|Publication number||US6341124 B1|
|Application number||US 09/042,359|
|Publication date||Jan 22, 2002|
|Filing date||Mar 13, 1998|
|Priority date||Mar 13, 1998|
|Also published as||CA2323447A1, CA2323447C, CN1118220C, CN1299574A, DE69923298D1, DE69923298T2, EP1062824A1, EP1062824B1, WO1999046946A1|
|Publication number||042359, 09042359, US 6341124 B1, US 6341124B1, US-B1-6341124, US6341124 B1, US6341124B1|
|Inventors||Lars B. Johansson, Paul Peter Butovitsch, Tomas Sandin|
|Original Assignee||Telefonaktiebolaget Lm Ericsson|
|Export Citation||BiBTeX, EndNote, RefMan|
|Patent Citations (15), Referenced by (29), Classifications (13), Legal Events (4)|
|External Links: USPTO, USPTO Assignment, Espacenet|
The invention relates to data transmission from a base station to a mobile telecommunications device using Code Division Multiple Access (CDMA) and, more particularly, to CDMA data transmission from a plurality of base stations operating in macrodiversity mode and connected to a packet switched network.
A fundamental principle of conventional CDMA systems is so-called macrodiversity, wherein a plurality of base transceiver stations (base stations) are communicating with one mobile station at the same time via the air interface. This technique, illustrated in FIG. 1, is used, for example, during conventional soft handover procedures when the mobile station is roaming from one base station (i.e. cell) to another. In downlink, the mobile telecommunications device (or mobile station) 11 receives data from all base stations BTS1 and BTS2 that are transmitting to the mobile station via the air interface 13. The mobile station then combines all data received to produce a combined result.
The CDMA frames transmitted by the base stations include conventional control information such as TPC (Transmit Power Control) commands so the mobile station can maintain proper output power, and pilot bits so the mobile station can maintain proper synchronization and perform coherent detection. The CDMA frames also include substantive information, that is, a message that the mobile station will combine with the corresponding message from the corresponding frame (or frames) from the other base station (or base stations). This CDMA macrodiversity technique is well known in the art.
The base stations will normally all transmit their data to the mobile station using CDMA in the air interface and, in the conventional macrodiversity technique, the base stations are synchronized to transmit their data over the air interface so the data from all base stations is received by the mobile station at the same time. If the base stations of FIG. 1 are connected as shown in FIG. 2 to receive packet data from a controlling node 21 in a packet switched network 23, it is possible that, due to the well-known nature of packet switching, one of the base stations will not have received its intended packet data at the time for the next CDMA data transmission over the air interface. It is also possible that one of the base stations will receive from the packet switched network packet data that has been corrupted in the transmission between the node 21 and the base station. Such data corruption is conventionally detected at the base station by using conventional (for example, Cyclic Redundancy Code (CRC)-based) error detection techniques.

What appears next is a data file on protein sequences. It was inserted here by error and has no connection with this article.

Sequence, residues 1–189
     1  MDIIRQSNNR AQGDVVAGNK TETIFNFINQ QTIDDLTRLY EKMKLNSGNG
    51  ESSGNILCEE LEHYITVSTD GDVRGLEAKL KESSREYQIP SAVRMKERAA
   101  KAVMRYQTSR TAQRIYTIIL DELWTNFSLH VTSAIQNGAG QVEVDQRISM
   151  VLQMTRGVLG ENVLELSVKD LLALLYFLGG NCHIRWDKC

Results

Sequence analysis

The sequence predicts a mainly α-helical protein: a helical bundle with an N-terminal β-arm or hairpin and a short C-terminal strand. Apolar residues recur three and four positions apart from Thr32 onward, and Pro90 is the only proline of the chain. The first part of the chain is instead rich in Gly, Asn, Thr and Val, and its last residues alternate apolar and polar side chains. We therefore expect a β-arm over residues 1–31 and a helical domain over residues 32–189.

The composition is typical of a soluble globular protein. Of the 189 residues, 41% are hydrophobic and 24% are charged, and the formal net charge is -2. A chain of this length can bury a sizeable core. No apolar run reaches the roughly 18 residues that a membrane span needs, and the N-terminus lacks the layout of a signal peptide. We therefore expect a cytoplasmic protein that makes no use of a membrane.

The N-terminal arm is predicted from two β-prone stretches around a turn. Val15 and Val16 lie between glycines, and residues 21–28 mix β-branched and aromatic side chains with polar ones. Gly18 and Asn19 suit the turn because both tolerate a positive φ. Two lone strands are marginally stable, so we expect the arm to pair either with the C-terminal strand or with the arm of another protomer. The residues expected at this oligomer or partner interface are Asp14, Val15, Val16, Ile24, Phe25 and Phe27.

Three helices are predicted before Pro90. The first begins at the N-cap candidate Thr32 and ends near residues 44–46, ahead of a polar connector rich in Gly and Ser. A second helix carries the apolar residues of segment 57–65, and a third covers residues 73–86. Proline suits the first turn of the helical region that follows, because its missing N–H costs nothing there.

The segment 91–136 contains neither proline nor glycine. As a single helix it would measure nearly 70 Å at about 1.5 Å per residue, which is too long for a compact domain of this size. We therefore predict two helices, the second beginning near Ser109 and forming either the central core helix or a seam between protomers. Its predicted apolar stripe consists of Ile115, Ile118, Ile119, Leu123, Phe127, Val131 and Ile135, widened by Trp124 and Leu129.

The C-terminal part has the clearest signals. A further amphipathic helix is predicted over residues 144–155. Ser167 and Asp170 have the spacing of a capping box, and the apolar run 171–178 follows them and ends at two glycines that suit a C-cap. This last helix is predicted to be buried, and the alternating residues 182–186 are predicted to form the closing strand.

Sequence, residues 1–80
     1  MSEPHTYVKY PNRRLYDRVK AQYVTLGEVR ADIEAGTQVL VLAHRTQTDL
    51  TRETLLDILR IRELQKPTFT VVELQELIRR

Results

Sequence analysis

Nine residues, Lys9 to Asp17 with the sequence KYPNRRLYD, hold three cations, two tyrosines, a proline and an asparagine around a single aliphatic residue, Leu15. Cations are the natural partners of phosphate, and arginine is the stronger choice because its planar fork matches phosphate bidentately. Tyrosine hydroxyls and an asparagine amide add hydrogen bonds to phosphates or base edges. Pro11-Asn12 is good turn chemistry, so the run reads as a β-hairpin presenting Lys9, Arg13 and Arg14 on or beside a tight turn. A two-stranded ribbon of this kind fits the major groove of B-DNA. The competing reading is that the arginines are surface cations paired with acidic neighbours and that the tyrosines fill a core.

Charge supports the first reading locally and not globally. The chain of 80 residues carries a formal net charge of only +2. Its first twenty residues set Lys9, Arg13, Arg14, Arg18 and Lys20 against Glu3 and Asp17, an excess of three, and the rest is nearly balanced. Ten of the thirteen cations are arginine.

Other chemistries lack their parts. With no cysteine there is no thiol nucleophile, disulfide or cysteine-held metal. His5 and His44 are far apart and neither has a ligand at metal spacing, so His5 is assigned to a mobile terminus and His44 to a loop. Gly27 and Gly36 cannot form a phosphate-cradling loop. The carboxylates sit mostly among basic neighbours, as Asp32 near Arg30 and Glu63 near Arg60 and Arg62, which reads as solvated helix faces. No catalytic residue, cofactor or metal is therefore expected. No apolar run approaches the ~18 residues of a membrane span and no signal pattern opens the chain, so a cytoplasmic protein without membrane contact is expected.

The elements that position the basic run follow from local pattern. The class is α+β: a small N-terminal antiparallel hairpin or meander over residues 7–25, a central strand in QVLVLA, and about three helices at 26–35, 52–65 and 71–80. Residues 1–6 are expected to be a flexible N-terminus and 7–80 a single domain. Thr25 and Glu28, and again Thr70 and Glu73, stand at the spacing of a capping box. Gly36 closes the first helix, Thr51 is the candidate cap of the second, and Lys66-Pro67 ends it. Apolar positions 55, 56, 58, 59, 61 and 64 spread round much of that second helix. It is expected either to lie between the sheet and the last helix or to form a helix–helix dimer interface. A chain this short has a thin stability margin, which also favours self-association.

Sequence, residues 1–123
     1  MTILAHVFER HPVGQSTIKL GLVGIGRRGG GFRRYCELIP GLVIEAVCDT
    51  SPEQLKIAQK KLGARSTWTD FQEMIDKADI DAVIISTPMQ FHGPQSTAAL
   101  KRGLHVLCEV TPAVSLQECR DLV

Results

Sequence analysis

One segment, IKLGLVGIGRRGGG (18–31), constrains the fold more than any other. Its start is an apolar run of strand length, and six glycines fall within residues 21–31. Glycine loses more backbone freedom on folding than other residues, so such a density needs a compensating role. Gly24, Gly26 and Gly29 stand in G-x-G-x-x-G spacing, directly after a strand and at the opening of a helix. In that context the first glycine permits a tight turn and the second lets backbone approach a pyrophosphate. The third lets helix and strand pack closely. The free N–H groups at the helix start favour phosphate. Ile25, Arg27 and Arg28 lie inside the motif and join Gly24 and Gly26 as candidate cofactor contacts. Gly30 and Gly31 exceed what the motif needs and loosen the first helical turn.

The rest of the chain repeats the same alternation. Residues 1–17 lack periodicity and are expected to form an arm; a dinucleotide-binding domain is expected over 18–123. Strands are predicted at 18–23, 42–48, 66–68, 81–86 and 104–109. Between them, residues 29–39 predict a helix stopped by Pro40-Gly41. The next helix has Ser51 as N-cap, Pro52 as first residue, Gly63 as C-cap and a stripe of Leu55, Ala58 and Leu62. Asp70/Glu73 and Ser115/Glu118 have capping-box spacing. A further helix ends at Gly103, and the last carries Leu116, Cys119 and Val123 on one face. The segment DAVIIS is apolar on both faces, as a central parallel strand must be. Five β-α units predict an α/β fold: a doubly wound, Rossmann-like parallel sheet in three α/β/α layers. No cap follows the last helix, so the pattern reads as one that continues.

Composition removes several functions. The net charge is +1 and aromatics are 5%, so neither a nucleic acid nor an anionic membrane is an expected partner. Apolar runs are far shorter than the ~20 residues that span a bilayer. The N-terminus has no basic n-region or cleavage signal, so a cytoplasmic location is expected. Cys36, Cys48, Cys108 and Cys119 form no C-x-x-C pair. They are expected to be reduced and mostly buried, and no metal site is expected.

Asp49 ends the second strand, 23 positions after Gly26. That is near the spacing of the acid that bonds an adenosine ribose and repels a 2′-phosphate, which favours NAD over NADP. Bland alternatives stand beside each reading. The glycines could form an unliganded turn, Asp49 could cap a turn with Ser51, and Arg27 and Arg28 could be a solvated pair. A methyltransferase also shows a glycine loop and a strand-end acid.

In a prior art system, the base station transmits a dummy message (with TPC and pilot bits) in place of packet data that has not been received or has been corrupted, or alternatively, the base station transmits the corrupted message.
In conventional CDMA macrodiversity operation, the mobile station combines the substantive message information received from all of the base stations that are transmitting to the mobile station. When the same substantive message information is received from all of the base stations, the combined result produced by the mobile station is better than the result that would have occurred had less than all base stations transmitted that information to the mobile station. If some of the base stations send the same (correct) information, but one or more of the base stations sends information which differs from the correct information, then the combined result produced by the mobile station will be less reliable than if all base stations had sent the correct information.
It is therefore desirable for every base station to transmit the same, correct message information to the mobile station in CDMA macrodiversity mode.